Friday, March 9, 2007

Even better than expected.

I just got back from seeing 300. I think I can speak for the 6 females in the nearly sold-out theater when I say that this was one of the best movies I've ever seen. Ever. If it had been on in HD when I got home from the theater I would have watched it again, and TiVo'd it so I could turn it on again in the morning.

Let's see... fire-bombing wizards: check! At least 3 characters that look just like Sloth from The Goonies: check! An army of chromed V for Vendetta clones: check! Three hundred ripped and badass dudes in nothing but loincloths and capes: check! In short, everything great about a movie in one gorgeous package. Well, almost everything...

At one point in the film I did mention that the only thing that would have made it perfect is if all the Persian corpses that littered the field would rise up and fight behind the Spartans as a zombie army. THAT would have made 300 the best movie ever made. Even so, even without the zombies, all I can say about 300 that I haven't already said is, "holy fuck, why are you still reading this and not out seeing 300 RIGHT NOW?!?"

Great expectations.

A while back, I read this review by Neill Cumpston, which cemented in me the need to see 300 as soon as it came to our cow town. "I can't spoil the plot because THANK GOD THERE ISN'T ONE. Just ass kicking that kicks ass that, while said ass is getting kicked, is kicking yet more ass that's hitting someone's balls with a hammer made of ice but the ice is frozen whiskey."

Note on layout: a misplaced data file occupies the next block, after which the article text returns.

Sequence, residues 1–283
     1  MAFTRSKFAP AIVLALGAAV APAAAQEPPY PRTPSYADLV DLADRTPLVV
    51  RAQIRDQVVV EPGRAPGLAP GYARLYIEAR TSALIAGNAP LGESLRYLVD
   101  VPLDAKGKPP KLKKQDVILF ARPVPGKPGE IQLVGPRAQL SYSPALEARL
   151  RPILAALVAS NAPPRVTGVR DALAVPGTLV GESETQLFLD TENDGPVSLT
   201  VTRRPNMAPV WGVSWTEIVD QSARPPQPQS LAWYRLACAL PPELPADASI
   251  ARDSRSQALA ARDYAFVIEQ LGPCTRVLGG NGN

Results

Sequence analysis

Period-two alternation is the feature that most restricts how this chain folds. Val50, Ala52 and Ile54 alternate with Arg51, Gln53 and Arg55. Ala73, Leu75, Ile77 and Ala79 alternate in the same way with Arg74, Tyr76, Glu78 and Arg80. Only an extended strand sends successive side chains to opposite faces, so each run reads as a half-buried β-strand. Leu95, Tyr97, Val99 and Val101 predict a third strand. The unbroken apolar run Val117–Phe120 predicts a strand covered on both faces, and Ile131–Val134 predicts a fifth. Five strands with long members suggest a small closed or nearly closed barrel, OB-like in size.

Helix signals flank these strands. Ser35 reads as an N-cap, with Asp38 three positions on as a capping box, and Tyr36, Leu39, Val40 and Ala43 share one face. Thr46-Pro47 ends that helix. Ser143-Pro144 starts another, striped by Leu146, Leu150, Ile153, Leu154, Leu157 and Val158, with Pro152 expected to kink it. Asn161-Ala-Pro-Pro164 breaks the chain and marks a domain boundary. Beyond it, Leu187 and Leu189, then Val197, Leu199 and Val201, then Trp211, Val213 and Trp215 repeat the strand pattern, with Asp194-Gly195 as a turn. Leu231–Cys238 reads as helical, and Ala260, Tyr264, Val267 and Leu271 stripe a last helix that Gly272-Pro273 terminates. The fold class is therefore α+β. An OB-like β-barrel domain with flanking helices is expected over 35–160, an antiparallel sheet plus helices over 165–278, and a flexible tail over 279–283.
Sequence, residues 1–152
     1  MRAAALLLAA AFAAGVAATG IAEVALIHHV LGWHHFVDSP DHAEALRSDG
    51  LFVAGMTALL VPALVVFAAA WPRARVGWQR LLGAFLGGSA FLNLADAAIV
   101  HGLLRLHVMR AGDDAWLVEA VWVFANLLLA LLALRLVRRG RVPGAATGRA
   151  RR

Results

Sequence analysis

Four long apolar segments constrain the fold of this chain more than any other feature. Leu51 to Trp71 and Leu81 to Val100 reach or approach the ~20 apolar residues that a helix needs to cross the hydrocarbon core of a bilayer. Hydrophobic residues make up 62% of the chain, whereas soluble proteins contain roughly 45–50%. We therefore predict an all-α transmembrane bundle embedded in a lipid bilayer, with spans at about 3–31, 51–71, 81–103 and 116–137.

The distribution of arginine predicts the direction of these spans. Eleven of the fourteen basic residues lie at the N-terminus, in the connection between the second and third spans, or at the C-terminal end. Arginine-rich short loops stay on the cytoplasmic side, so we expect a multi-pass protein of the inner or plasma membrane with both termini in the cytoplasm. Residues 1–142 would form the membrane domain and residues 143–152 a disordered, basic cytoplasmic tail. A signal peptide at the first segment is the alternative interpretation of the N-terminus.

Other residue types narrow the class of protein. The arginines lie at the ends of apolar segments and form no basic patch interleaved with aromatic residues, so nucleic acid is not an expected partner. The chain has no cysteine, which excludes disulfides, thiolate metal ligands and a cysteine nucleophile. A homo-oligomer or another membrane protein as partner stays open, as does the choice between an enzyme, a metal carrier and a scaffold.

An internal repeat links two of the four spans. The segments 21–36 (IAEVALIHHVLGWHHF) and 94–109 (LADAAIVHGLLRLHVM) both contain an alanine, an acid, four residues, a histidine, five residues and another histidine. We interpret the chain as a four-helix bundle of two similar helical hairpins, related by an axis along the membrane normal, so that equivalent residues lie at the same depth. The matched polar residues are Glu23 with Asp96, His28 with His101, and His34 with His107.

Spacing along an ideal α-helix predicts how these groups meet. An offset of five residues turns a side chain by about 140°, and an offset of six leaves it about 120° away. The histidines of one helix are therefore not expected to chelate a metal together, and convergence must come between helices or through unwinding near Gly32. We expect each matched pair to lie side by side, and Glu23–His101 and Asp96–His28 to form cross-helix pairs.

If that wasn't enough, if I wasn't already hyped to see 300 tonight, this review would get me there. "The movie "300" is rated R for "RAAAAAR!" and is about as inspirational as "Field of Dreams" multiplied by "Mr. Smith Goes to Washington," plus infinity."

Sweet Jesus, I can hardly wait.


The Secret Life of Chairs - Terrific short film by a group of young actors. This will make your day.

How was your day? Meh.

Need cash, how about you bang the bricks?

Who's crazier - Tracy Morgan or Tracy Jordan?

Got extra cash to piss away? How about you spend it on bling h2O.

Play You Don't Know Jack online. Hot damn - I didn't know this site was still around! I was playing this back in the mid 90s. It was way cool then - I've gotta give it another run to see if its held up.

Thursday, March 8, 2007

Radiohead - then and now

Here are two different versions of Radiohead performing Creep, one of my favorite songs.

This one, from 1994, is aggressive and raw, but softened by Thom Yorke's emotional vocals. Note the absence of "fuck" in the chorus.

This one, from a live performance in 2006, is much more robotic and, in my opinion, mush less effective. Maybe it's the crowd that dulls it, or the fact that the band is 12 years older, or that they have performed this song too many times to count and they're just sick of it now. Even the inclusion of casual cussing doesn't help; it almost makes this version worse because even though all the ingredients for a hella-powerful performance are there, it just doesn't happen.

There's no point to this post, really, except as an excuse to listen to Radiohead, even not-so-good Radiohead.